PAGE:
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SCA Drops $82M for Future Public School Site in Flushing

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The New York City School Construction Authority (SCA) is off to the races with a plan to add more public school seats on the site of the former New York Armenian Home in Flushing, Queens.

SCA bought the 69,757-square-foot lot at 137-31 45th Avenue for $81.85 million from a group of three companies tied to Eastone Equities and Chinese investor Xuan Cheng, the executive director of Sansheng Group, according to property records made public Friday.

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That’s a more than $30 million markup from what Eastone paid for the site in 2018. 

SCA spokesperson Kevin Ortiz said the lot will be used to build a new primary school in District 25, part of the authority’s goal to add 32 buildings in Queens, bringing 18,700 new seats to the borough.

In December, the New York City Council approved the SCA’s plan to build a new 696-seat public school, with a 30,000-square-foot play yard, on the vacant lot between Colden Street and Kissena Boulevard, the Queens Chronicle reported. The site is near Kissena Corridor Park and the Queens Botanical Garden.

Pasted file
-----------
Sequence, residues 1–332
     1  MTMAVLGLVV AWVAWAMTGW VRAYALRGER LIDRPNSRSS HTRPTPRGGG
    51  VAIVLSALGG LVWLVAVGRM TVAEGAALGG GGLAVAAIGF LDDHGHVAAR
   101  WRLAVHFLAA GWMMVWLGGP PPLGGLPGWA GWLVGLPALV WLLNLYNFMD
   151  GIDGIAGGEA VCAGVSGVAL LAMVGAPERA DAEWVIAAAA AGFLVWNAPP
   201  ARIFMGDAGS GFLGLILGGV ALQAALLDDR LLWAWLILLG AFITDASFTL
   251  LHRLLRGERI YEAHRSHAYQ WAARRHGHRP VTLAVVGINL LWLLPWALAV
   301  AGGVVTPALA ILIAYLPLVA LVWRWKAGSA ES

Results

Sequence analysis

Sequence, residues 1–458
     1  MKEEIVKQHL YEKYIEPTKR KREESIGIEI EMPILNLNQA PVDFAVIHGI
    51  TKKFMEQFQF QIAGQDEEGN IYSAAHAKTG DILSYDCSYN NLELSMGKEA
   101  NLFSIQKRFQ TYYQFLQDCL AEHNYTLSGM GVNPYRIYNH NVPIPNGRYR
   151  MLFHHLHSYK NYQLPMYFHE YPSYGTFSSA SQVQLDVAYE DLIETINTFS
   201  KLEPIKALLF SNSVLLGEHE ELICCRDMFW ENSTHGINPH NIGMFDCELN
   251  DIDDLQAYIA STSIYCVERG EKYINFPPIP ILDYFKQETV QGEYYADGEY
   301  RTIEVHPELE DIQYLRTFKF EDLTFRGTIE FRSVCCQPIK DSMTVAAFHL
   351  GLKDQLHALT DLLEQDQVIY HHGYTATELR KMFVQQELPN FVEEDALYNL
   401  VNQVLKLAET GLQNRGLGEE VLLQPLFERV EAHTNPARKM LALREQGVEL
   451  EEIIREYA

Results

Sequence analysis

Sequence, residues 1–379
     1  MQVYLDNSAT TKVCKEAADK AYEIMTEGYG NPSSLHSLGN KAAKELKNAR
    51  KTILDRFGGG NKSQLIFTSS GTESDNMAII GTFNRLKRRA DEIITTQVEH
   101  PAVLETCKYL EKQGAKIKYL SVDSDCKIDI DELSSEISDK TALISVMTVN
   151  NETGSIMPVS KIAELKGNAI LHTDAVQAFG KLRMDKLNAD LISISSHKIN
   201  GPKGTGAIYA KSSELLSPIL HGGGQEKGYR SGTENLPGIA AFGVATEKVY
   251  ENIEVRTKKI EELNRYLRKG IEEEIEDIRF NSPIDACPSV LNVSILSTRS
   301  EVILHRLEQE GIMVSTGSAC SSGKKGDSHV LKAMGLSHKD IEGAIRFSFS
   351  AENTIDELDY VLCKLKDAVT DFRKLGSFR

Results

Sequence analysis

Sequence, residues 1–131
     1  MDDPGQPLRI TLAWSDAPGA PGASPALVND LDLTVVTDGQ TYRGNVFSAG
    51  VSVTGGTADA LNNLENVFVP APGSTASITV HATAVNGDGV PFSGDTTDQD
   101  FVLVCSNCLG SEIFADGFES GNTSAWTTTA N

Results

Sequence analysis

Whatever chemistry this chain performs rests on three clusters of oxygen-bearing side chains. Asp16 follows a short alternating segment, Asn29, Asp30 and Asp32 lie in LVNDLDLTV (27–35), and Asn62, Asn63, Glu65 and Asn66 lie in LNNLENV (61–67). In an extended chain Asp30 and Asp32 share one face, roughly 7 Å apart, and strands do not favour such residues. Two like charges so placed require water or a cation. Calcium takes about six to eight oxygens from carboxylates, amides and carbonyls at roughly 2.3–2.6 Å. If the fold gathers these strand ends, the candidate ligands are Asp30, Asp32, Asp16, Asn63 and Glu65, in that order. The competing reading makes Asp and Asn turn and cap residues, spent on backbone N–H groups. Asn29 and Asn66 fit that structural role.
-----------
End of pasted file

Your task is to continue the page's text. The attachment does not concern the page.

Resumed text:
SCA will begin drawing up the designs for the $179 million project in March, according to its $4.98 billion five-year capital plan. It’s aiming to complete construction of the new school by September 2028. 

Members of Queens Community Board 7 signaled wavering support for the school, with Board Chair Eugene Kelty voting against it at a March 2013 meeting “because of the high price” and the SCA’s reputation for secrecy. Despite some members’ objections, Community Board 7 ultimately voted to recommend it. 

The planned school will be on the site of the Armenian Home senior care facility, which shuttered in 2018 after a 70-year run. 

Armenian Home handed the site off to Easteone for $50 million. Eastone demolished the building and filed permits for a 20-story residential tower, City Realty reported. That project has since faltered, and the city has cited it for construction violations.

SavillsRichard Eaddy, Ira Schuman and Joseph Byrnes brokered the deal and declined to comment.

A spokesperson for Eastone did not immediately respond to a request for comment. Cheng could not immediately be reached for comment. 

Abigail Nehring can be reached at anehring@commercialobserver.com.